By: Christina J. Johns
The funeral wasn't even about Beth Ann.
If I hadn't been able to recognize her mama and daddy - still good looking in their sixties - sitting less than a foot away from the sleek gray coffin, I would have thought I was at the wrong ceremony.
The family had, for reasons I could not fathom then and still can not fathom today, asked a fifth cousin, half-removed, that nobody had ever set eyes on before to give the eulogy at the grave site.
He droned on and on for a tortuous half hour without even mentioning Beth Ann. I felt my soul flittering around the edges of ill temper and mean spiritedness.
Then, mercifully, half-removed, or half-wit as I was beginning to think of him, informed us that he was finishing up - with a short amusing anecdote.
I do not think amusing anecdotes (short or otherwise) have any place at funerals. Especially not funerals where the deceased has died of a stroke forty years before her time.
And, the anecdote was not amusing.
The half-wit told us with great delight that once while Beth Ann was in high school, he had been traveling through Lanier and arranged to meet her for lunch. Beth Ann had shown up in a dress!
That's right. That was it. He stared out at the assembled crowd with that Richard Nixon used-car-salesman smile, waiting....for what? A roar of laughter, a titter of appreciation, a smile of recognition? I have no idea.
I didn't understand the joke, and nobody else did. Half-wit stood there with that look dogs get when they're caught sucking eggs.
Finally, the preacher saved the half-wit from himself by gently taking his arm and pulling him backward. "Shall we pray?" The preacher said.
I folded my arms across my chest and while everybody else was praying, I stood wondering what in the world I was doing there on the hillside of the Confederate Magnolia cemetery, watching the body of a forty-year-old woman I had known since I was five be lowered into the ground.
I knew everybody there. Parents of children who grew up with Beth Ann and I, some decrepit former school teachers, preachers and their wives. But there was no one I could see who belonged to the second twenty years of Beth Ann's life - no husband, no children, no co-workers, not even a dog. And, there was no mention of that part of her life - as if it had been buried long before the body.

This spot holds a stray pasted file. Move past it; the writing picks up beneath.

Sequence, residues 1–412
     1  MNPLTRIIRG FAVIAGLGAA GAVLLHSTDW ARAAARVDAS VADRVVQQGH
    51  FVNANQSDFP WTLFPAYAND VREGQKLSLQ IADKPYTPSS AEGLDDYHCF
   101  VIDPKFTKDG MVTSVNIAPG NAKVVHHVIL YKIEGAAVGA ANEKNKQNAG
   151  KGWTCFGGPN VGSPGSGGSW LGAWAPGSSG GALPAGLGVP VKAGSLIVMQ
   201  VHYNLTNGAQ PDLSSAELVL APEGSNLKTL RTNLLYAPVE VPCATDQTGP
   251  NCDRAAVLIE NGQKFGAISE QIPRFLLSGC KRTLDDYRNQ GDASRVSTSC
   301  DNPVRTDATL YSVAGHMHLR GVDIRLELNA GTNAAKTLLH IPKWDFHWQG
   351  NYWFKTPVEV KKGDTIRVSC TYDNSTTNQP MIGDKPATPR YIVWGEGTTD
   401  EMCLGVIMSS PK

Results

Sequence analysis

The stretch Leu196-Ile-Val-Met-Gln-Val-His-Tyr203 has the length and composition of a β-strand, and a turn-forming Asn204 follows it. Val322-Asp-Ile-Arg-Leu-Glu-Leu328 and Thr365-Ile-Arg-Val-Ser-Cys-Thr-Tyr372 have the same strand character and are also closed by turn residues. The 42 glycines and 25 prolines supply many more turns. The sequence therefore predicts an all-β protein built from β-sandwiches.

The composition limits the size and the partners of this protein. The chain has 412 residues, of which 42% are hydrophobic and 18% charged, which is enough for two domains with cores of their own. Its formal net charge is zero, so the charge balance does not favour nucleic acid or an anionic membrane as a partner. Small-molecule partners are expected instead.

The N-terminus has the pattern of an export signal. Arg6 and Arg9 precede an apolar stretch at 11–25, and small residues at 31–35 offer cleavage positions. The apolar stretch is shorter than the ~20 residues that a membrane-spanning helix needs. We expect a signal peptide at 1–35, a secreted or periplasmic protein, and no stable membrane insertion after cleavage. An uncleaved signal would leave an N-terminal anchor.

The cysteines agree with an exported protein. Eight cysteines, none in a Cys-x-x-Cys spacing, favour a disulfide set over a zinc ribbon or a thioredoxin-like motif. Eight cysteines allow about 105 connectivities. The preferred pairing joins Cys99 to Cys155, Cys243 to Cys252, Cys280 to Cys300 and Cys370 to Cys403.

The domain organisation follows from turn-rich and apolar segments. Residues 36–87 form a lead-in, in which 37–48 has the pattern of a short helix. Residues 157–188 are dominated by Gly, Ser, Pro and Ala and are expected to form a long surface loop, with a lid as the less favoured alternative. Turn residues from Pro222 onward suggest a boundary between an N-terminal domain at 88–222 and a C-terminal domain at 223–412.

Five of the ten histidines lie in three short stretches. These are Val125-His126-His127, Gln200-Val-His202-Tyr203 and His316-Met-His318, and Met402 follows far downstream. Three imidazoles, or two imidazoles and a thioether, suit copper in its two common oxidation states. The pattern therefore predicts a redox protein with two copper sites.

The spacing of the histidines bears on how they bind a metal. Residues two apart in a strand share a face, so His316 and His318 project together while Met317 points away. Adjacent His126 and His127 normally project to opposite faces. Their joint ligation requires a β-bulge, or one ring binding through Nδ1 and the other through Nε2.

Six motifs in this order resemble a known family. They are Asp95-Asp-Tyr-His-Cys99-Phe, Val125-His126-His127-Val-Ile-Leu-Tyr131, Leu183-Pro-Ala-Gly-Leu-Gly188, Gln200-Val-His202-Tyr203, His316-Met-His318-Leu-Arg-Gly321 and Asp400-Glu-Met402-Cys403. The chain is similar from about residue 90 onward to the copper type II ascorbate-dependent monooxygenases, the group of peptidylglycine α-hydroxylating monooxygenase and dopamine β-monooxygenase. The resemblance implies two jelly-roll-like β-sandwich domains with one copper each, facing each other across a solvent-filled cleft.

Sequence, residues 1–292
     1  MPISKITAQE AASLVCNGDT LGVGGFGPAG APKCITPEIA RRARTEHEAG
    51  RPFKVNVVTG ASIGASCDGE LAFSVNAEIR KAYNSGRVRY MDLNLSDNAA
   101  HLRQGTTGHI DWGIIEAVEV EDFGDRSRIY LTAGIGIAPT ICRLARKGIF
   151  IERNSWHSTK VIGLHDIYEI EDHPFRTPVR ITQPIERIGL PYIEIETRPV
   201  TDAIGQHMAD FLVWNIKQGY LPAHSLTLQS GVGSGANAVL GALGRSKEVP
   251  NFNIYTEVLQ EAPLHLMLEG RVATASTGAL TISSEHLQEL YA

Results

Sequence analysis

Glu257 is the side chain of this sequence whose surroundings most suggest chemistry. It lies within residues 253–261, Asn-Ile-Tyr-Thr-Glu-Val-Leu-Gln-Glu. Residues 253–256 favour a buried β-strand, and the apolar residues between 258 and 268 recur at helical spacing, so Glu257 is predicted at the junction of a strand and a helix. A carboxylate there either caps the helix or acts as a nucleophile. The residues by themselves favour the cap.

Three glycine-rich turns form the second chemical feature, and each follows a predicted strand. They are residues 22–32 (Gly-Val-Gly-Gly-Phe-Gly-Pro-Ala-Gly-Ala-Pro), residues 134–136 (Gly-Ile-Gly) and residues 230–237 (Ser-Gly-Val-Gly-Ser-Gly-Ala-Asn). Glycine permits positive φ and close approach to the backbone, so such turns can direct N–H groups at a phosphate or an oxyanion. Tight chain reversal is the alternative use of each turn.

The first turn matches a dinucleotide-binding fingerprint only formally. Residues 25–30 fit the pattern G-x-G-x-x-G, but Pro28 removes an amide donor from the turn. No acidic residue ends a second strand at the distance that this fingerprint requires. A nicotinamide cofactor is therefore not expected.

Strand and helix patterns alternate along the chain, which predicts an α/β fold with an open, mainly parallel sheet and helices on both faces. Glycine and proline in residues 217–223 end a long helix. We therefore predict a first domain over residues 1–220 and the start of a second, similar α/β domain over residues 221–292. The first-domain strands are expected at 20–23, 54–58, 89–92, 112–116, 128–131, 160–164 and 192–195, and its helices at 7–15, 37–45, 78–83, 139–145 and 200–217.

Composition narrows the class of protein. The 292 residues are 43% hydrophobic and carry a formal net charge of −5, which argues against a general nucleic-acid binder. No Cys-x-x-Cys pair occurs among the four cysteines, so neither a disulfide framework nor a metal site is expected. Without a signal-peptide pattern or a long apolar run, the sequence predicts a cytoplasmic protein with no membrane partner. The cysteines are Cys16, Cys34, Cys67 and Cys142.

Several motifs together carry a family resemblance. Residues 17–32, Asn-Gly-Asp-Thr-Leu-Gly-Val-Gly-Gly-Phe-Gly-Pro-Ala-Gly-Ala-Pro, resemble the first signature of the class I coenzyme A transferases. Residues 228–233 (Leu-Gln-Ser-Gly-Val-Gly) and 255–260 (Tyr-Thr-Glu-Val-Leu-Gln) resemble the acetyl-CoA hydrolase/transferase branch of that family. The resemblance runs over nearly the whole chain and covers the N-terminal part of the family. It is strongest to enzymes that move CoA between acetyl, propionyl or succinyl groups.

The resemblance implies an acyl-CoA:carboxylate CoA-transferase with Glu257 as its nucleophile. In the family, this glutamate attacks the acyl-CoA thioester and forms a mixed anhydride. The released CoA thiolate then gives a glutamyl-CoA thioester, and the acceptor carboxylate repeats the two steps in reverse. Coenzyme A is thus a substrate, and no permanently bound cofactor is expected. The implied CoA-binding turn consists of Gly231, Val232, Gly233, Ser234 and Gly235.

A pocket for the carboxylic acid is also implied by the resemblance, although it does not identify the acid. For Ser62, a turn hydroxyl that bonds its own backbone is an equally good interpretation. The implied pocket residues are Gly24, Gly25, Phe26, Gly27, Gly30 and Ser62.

I felt more than a little bit insulted, partly because I could see my own funeral turning out just like this, if (God forbid) I should die suddenly between husbands.
I could just hear some idiot, reducing my entire life to some joke about wearing a dress.
Beth Ann and I were clearly something more than what we had been during the twenty years we occupied that tiny, sweltering, incestuous town.
If we'd had children and husbands, I guess it would have been different, we would have been eulogized as loving mothers (even if we hadn't been) faithful wives (which would have only been true if Beth Ann had had a major personality change since high school) and dutiful daughters (which I knew damn well didn't fit either one of us).
As it was we were single and without children - and therefore invisible as functioning adults. Nobody would be able to think of anything to say about us at our funerals except stories that were twenty or twenty-five years in the past and that said nothing about the struggles and triumphs, the tears and loneliness, the sleepless nights, the exhilarating days or she sheer stubbornness of the other twenty years.
They would understand nothing about the value of reckless gambles, lost causes, hard-won battles, or desperate loss.
And it's funny, the most vivid memory of Beth Ann I have is her, beet red with frustration and rage, stomping her foot.